Cortex dynamically regulates the flow of sensory information by suppressing responses of non-relevant stimuli through mechanisms of adaptation, while boosting sensory responses that are behaviorally important.
Independent coding without synaptic coordination explains complex sequences of population activity observed during theta states and maximizes the number of distinct environments that can be encoded through population theta sequences.
Random fluctuations in neuronal firing may enable a single brain region, the medial entorhinal cortex, to perform distinct roles in cognition (by generating gamma waves) and spatial navigation (by producing a grid cell map).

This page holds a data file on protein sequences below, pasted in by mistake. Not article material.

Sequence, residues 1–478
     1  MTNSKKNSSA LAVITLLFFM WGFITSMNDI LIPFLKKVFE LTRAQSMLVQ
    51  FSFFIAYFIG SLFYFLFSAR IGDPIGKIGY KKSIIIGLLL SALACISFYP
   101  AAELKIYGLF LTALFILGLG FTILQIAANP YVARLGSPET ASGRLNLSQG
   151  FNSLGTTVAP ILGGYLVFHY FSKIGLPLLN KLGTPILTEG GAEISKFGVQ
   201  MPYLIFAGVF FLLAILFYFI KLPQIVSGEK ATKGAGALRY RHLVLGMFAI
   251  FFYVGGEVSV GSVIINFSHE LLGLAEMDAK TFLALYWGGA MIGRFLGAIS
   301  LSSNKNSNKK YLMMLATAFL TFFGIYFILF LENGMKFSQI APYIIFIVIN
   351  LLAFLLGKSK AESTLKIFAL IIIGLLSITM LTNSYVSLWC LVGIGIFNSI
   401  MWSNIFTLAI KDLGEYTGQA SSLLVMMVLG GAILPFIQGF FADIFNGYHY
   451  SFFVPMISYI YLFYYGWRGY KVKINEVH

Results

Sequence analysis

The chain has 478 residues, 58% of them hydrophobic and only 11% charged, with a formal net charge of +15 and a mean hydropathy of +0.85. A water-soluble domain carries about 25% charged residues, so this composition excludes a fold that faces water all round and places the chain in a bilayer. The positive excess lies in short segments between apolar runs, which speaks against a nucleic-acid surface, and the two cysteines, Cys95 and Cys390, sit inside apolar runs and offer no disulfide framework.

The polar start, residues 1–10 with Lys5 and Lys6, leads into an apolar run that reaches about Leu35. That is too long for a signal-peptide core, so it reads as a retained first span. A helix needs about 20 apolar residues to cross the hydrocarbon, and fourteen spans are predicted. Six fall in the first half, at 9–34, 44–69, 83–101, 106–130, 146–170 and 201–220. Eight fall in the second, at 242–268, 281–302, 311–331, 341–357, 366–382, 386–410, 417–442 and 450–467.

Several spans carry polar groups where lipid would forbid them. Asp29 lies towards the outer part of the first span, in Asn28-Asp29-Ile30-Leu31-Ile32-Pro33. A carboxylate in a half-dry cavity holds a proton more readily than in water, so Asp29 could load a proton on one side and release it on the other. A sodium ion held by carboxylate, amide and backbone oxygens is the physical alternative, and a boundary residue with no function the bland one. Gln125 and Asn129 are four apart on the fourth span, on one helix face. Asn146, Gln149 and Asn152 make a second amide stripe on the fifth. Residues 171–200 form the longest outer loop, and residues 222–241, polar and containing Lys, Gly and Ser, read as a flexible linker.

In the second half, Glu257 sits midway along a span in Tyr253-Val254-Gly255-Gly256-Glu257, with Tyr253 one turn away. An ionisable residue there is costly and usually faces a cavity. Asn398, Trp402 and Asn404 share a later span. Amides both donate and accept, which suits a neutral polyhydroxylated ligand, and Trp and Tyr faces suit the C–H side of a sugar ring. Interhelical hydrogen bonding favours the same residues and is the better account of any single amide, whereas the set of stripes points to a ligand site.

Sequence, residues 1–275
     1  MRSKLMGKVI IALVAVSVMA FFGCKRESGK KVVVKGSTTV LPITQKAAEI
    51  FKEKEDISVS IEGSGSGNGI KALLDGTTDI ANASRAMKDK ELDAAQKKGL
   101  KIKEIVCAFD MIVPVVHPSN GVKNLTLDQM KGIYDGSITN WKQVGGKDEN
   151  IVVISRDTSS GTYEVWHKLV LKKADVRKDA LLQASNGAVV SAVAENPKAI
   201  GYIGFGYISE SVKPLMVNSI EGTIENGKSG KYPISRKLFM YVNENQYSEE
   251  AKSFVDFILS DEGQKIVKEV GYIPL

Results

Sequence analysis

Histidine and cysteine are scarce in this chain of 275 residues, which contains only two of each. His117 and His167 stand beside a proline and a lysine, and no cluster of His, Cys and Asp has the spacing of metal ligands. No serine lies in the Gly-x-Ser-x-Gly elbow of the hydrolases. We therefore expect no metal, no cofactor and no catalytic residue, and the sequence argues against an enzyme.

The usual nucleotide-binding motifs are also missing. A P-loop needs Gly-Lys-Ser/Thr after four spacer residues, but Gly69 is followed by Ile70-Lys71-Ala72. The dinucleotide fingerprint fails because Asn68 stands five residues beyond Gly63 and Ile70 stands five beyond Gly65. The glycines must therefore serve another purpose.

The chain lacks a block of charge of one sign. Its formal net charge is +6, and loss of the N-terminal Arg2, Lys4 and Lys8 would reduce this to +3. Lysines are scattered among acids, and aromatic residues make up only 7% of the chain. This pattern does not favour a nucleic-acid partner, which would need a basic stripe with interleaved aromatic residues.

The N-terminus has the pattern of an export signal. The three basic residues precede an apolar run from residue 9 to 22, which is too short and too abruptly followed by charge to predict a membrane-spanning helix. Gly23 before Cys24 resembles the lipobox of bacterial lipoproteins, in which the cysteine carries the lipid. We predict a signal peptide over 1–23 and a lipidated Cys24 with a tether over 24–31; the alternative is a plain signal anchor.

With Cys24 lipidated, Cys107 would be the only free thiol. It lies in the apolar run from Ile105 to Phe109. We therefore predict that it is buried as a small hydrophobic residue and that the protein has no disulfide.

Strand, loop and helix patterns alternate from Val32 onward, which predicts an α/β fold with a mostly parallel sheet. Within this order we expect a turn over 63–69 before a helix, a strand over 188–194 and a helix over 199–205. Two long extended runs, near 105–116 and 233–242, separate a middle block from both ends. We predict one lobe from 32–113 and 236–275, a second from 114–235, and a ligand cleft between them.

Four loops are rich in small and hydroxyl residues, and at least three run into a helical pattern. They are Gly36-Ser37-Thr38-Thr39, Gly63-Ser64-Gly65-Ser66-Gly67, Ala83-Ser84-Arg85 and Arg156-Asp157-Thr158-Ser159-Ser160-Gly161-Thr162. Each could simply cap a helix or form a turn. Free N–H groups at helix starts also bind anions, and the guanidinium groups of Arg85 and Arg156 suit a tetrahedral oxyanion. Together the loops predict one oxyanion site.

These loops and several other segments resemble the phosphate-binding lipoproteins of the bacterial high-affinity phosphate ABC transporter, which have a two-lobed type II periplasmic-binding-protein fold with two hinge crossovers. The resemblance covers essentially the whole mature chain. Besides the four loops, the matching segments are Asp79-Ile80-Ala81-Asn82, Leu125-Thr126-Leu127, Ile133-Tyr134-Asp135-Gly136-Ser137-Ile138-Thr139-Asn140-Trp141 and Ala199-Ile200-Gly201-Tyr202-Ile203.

A human psychopharmacology study reveals that a drug that affects the dopamine and noradrenaline systems enhances people's ability to adapt their learning rate to suit the volatility of the environment.
Arbitration is formalised as the relative precision of predictions afforded by reward and social learning systems and is represented in modality-specific dopaminergic and dopaminoceptive regions, including the midbrain and amygdala.
Behavioral, pharmacological, optogenetic, electrophysiological and computational analyses suggest that the anterior dorsal striatum is a causal node in the network responsible for evidence accumulation.
Precisely sequenced patterns of neuronal activity associated with the production of a skilled behavior begin and end as part of orchestrated activity across functionally diverse populations of cortical premotor neurons.